At the end of the week, (February 8th, in case you or rather the MSM missed it), Ireland will go to the polls, in an election noted more for its underwhelming lack of canvassing, than for its substantive grappling with any real crises of the nation: Housing and Rent; Health; and Taxation. However, to understand what is likely to happen in this election, it is generally advisable to understand the political parties, voting patterns and punditry. It is the only Western, plutocratic democracy still dominated by two Civil-War era parties, who have never not been in government since the foundation of the State (even the largest party in the misnamed ‘Rainbow Government’ was Fine Gael (1)).
The first step, in grasping the thorny issue of Irish conservatism, is understanding the two pillars that undergird the Republic: The Church; and Land. Fine Gael has historically been a party of the conservative, land-owning elite, but have since the time of Garret Fitzgerald opted to be fiscally conservative, socially liberal, see the passing of the marriage equality referendum during a time of zero corporation tax, for example. Fine Fáil conversely, are the historically fiscally liberal, socially conservative party of the small, tenant farmers (see the removal of ‘Stamp Duty’, and the refusal to hold any meaningful social referenda). While both are seen as being centre-right parties, and as being to the right of the Labour Party, People Before Profit and Sinn Féin. However, Sinn Féin have recently made a strong showing in the polls, despite accusations of having their main policy decisions made by an unelected cabal of Northern-IRA members, their leader Mary-Lou McDonald has the non-paramilitary, ‘Trouble-Free’ pedigree that her predecessor, Gerry Adams, lacked.
This election will be remembered for a number of phenomena: the lack of any canvassing, publicity or hype; the surge in popularity of smaller, left-of-centre parties (Sinn Féin) included; and, the shambolic showing of both Fianna Fáil, Fine Gael and the Labour Party (historically the strongest three parties in the State). Fine Gael seem to have believed their own hype: that voters would appreciate the growth in the economy and the Government’s stance on Brexit; ‘progressive’ referenda on Gay Marriage and Abortion, while ignoring the Rental/Housing Crisis; how out of touch Leo Varadkar appears to be with regards corporation tax and the breakdown of communities (2); and Catherine Noone’s comments on Leo Varadkar being ‘Autistic’, in a comment that offended Autistic People up and down the country (3), being compared to a Neo-liberal ‘Great Satan’ is too much, in fairness. Even still, they remain the third largest party, begging the question ‘Which one of my relatives has cloven hooves?’.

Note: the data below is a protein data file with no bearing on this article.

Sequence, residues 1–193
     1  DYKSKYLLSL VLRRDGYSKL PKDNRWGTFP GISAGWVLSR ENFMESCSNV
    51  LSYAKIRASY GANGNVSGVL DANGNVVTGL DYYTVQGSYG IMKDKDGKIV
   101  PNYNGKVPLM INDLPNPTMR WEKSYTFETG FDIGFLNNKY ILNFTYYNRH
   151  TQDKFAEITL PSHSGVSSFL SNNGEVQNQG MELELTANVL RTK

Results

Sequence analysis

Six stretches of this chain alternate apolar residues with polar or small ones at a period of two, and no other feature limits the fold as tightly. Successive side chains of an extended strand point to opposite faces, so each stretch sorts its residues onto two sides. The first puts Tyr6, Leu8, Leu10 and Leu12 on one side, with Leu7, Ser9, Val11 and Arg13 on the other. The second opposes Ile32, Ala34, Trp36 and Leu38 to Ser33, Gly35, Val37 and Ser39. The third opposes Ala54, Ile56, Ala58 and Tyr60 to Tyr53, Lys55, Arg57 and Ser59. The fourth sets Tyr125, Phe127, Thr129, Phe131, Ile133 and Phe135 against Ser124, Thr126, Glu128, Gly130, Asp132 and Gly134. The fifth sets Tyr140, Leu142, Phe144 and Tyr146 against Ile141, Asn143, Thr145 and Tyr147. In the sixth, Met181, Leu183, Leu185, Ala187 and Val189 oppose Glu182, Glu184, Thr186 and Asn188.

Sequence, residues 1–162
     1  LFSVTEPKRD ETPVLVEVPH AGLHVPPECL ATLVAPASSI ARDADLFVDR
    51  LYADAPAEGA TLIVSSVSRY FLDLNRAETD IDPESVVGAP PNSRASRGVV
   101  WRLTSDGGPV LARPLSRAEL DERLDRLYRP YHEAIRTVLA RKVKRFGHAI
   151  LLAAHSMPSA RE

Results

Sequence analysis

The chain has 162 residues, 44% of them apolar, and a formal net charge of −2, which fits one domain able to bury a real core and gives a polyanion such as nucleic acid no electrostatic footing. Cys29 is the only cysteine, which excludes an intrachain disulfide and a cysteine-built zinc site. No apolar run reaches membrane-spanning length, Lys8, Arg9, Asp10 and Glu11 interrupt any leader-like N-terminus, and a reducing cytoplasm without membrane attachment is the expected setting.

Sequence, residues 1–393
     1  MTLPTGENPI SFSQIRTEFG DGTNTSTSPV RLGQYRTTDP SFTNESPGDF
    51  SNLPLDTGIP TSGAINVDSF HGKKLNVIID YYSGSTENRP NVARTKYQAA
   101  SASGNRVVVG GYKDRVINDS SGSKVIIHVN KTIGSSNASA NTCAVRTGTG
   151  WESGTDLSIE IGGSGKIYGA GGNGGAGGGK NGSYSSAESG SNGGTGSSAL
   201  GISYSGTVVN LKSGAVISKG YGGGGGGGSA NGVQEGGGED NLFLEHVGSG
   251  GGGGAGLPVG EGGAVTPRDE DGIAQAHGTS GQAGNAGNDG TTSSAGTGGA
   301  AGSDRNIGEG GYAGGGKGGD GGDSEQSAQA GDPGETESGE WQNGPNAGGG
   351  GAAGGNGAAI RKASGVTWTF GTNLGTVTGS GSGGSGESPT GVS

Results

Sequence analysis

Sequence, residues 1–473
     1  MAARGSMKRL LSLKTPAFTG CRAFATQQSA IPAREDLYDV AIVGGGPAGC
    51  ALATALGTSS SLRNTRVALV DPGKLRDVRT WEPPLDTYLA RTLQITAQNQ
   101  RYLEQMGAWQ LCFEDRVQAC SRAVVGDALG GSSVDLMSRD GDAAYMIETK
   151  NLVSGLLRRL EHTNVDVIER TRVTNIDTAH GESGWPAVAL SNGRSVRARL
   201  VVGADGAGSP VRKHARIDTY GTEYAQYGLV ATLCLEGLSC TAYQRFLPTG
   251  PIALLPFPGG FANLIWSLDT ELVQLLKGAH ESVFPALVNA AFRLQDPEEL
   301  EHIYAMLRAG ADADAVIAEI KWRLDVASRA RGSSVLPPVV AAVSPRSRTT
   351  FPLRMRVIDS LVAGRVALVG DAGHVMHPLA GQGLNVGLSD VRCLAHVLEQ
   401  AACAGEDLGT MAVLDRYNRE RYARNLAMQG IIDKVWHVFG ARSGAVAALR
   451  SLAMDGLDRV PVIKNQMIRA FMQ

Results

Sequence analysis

Fianna Fáil are in the unenviable position of being mistrusted by the majority of the population who can remember the last Financial Crash, while simultaneously being ruled by a man with the political CV-equivalent of Harold Shipman’s patients record (4), yet even they are vying for top-spot by virtue of the fact that they are not Fine Gael and, the Devil you Know will probably Screw you, is better than the Devil who has been screwing-you for the past 9 years. The Green Wave looks set to make it no further West than Meath and should top-out at 8%, PBP will be savaged outside the metropolitan zones getting 6%, while Labour are an electoral non-entity, on 3%. While the polls show Sinn Féin in the lead, it’s all to play for. Also, don’t believe the hype, 99% of pundits come from FF/FG Dynasties, and it could all be a ruse, by which FF/FG win by default. While I would rarely advocate a vote, I would suggest, in this instance, for the sake of the sanity of us all, lets do away with the Civil-War era-Parties, vote tactically for someone a little more palatable or, if you know people who are voting for FF/FG, try and have them committed under the Mental Health Act, 2001 (5) before Saturday.
(1) The Government was comprised of Fine Gael (47), Labour Party (32) and, the Democratic Left (6).
(2) https://bit.ly/2Otk8e9, from 59 minutes.
(4) He set up the wasteful HSE, and as Minister for Enterprise, Trade and Employment the cost of living was compared to former-Soviet enclaves.
(5) Mental Health Act, 2001 3.(1) In this Act “mental disorder” means mental illness, severe dementia or significant intellectual disability where:
(a) because of the illness, disability or dementia, there is a serious likelihood of the person concerned causing immediate and serious harm to himself or herself or to other persons, or
(b) (i) because of the severity of the illness, disability or dementia, the judgment of the person concerned is so impaired that failure to admit the person to an approved centre would be likely to lead to a serious deterioration in his or her condition or would prevent the administration of appropriate treatment that could be given only by such admission, and (ii) the reception, detention and treatment of the person concerned in an approved centre would be likely to benefit or alleviate the condition of that person to a material extent.